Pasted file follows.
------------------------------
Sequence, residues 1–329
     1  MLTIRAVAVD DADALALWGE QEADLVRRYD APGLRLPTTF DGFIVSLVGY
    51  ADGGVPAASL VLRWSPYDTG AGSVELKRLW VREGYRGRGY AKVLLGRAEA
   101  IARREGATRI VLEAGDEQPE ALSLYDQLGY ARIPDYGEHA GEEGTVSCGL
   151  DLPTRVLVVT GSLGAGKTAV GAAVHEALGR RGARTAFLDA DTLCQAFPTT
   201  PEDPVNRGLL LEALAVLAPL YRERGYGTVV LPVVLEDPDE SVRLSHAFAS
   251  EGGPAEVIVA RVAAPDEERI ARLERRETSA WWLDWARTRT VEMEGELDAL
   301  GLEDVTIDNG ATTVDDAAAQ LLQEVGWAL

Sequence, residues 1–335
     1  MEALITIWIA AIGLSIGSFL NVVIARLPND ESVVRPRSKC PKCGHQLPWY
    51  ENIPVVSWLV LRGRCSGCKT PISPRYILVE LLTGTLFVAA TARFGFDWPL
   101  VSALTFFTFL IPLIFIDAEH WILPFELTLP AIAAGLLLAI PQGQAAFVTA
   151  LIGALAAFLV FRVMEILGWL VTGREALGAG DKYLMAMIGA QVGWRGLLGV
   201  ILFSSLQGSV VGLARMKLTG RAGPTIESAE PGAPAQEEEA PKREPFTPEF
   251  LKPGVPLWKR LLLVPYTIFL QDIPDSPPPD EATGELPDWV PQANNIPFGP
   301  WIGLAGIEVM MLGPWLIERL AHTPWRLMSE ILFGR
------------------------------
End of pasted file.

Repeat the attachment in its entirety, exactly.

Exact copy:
Sequence, residues 1–329
     1  MLTIRAVAVD DADALALWGE QEADLVRRYD APGLRLPTTF DGFIVSLVGY
    51  ADGGVPAASL VLRWSPYDTG AGSVELKRLW VREGYRGRGY AKVLLGRAEA
   101  IARREGATRI VLEAGDEQPE ALSLYDQLGY ARIPDYGEHA GEEGTVSCGL
   151  DLPTRVLVVT GSLGAGKTAV GAAVHEALGR RGARTAFLDA DTLCQAFPTT
   201  PEDPVNRGLL LEALAVLAPL YRERGYGTVV LPVVLEDPDE SVRLSHAFAS
   251  EGGPAEVIVA RVAAPDEERI ARLERRETSA WWLDWARTRT VEMEGELDAL
   301  GLEDVTIDNG ATTVDDAAAQ LLQEVGWAL

Sequence, residues 1–335
     1  MEALITIWIA AIGLSIGSFL NVVIARLPND ESVVRPRSKC PKCGHQLPWY
    51  ENIPVVSWLV LRGRCSGCKT PISPRYILVE LLTGTLFVAA TARFGFDWPL
   101  VSALTFFTFL IPLIFIDAEH WILPFELTLP AIAAGLLLAI PQGQAAFVTA
   151  LIGALAAFLV FRVMEILGWL VTGREALGAG DKYLMAMIGA QVGWRGLLGV
   201  ILFSSLQGSV VGLARMKLTG RAGPTIESAE PGAPAQEEEA PKREPFTPEF
   251  LKPGVPLWKR LLLVPYTIFL QDIPDSPPPD EATGELPDWV PQANNIPFGP
   301  WIGLAGIEVM MLGPWLIERL AHTPWRLMSE ILFGR